But what they fail to realise is that brand ‘relevance’ isn’t the same thing as brand ‘reputation’. Relevance is powered by a far broader set of drivers – things like whether the brand meets an important need in customer’s lives or whether it makes things simpler; whether it pushes the status quo or inspires them. And the research shows that once again financial services perform miserably against all of these attributes.

Ultimately, customers are fed up with their banks and insurance providers trying to flog products and services to them that they don’t want. They’re frustrated with the red tape and bureaucracy, they don’t believe they have their interests at heart, and their experience is anything but easy compared to what they now get from the likes of Google or Uber. But because there is little other choice, customers just put up with it.

By contrast, brands in the top 50 of the Index have found a way to become more integral in the fabric of our lives. Netflix can anticipate our needs and offer more tailored products; Amazon has redefined what customer experience should be; and PayPal works seamlessly to remove the friction from the payment process.

But this is all about to change in 2018 on the back of the UK Open Banking directive and PSD2. By requiring banks to share customer data via API’s, the banking industry will become more of an open platform that new fin-tech entrants can ‘plug’ into so they too can offer their products and services directly to the banks’ customers. Think of this as ‘un-bundling’ banking. By making it more modular and layered customers should have a broader choice of companies to deal with, with more specialised offerings available that can be simply bolted on top of their basic banking package. And whilst the directive doesn’t directly implicate the insurance industry, the carryover impact is inevitable.

To be sure, this will not be an overnight revolution – it’s likely to take a good two to three years before we see major shifts in market share. For example, peer-to-peer lending, which offers significantly better borrowing rates than any retail bank, has been around for almost 10 years and it’s still a very niche offering. But think about it, only five years ago Uber didn’t exist in London… and today it’s hard to imagine life without it.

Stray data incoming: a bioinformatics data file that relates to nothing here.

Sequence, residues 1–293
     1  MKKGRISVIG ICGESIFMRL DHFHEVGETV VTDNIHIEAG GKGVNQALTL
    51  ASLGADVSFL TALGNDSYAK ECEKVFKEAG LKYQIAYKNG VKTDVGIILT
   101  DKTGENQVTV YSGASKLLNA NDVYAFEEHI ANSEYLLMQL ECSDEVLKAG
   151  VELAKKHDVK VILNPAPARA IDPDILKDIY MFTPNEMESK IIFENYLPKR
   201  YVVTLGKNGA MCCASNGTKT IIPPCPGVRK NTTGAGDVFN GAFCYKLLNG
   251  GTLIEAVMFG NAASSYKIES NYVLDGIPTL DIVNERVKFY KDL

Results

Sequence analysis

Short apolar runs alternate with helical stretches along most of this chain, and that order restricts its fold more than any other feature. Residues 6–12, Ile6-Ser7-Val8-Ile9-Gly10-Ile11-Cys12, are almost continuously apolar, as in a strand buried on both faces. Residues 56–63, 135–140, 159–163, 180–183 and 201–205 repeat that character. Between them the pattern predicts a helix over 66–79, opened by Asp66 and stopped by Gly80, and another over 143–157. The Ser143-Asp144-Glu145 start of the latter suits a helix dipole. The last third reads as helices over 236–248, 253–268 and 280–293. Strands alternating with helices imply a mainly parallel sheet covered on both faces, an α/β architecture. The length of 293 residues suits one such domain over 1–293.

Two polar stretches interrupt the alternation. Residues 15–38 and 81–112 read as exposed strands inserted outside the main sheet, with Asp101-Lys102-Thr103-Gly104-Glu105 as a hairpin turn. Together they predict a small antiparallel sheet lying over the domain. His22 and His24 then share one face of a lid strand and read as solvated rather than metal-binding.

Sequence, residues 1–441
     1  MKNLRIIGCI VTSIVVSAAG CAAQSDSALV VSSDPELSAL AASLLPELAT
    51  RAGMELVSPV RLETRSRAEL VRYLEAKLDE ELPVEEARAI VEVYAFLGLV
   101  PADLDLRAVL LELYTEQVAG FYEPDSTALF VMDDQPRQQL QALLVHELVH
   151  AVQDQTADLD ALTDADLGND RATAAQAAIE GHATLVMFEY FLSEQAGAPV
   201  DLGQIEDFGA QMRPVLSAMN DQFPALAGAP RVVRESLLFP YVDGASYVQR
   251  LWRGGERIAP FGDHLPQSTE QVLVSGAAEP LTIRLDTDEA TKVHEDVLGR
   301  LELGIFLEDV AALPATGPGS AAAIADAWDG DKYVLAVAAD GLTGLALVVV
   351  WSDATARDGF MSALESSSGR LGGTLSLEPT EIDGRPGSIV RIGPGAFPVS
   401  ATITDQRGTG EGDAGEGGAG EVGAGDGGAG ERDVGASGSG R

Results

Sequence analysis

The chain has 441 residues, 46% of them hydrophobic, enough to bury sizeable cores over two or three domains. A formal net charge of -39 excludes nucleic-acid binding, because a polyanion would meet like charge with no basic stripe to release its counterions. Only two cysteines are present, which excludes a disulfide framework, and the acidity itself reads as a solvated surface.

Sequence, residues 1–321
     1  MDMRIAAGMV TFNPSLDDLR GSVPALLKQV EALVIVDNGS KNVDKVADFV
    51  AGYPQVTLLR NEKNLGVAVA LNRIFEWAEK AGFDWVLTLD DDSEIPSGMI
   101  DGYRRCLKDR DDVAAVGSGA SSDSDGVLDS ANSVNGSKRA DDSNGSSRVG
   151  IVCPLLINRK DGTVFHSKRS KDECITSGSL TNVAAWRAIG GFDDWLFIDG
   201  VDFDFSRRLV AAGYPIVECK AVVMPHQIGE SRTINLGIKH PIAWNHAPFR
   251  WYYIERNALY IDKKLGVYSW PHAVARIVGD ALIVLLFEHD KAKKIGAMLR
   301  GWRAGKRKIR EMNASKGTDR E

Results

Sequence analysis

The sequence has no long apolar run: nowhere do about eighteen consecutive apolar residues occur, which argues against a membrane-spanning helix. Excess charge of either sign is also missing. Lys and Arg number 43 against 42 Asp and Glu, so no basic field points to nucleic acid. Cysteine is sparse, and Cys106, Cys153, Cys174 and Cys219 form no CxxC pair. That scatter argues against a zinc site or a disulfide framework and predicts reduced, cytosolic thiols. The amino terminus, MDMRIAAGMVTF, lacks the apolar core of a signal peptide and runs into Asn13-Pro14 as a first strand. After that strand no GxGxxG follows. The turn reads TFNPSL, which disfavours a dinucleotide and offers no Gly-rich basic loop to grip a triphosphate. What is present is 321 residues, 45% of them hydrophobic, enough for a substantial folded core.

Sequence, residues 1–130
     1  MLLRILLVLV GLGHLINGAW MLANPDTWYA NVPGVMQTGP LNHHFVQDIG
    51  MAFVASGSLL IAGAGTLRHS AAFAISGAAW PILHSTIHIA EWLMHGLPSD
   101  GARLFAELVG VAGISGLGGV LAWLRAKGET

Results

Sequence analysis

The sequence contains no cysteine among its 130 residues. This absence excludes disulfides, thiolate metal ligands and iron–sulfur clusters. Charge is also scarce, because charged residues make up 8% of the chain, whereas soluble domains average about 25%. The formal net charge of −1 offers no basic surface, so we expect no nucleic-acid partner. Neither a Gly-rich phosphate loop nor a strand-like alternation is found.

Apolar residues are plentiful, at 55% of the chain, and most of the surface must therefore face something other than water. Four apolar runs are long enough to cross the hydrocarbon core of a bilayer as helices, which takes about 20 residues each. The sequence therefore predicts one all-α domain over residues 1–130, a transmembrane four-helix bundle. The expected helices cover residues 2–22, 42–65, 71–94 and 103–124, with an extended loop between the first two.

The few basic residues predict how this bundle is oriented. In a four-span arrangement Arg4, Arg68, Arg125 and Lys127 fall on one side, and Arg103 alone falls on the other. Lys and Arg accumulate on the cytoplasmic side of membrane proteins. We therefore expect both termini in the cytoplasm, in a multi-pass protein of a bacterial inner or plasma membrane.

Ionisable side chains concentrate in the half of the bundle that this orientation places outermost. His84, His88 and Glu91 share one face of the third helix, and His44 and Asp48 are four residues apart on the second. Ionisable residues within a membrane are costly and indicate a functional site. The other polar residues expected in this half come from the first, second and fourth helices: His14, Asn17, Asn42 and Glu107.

Retail banking and insurance brands have always been household names – think of Barclays, Natwest, Santander, Lloyds or Aviva, AXA, Zurich and Direct Line. All high-street brands that everyone knew and respected, because a world without them was unimaginable. But the confluence of consumer disillusionment, regulatory change and technological disruption means the future of these brands is about to change for good.

To be clear, they aren’t going to disappear. But their direct relationship with customers will need to evolve before the new kids on the block insert themselves between them. What they need to do is redefine the value they offer clients and find a way to make themselves relevant again in customers’ day to day lives. Brands should be moving fast – if they aren’t already – instead of waiting to see where their competitors go. Open banking is a game-changer set to unlock the door to a customer revolution and whole new era of banking as we know it.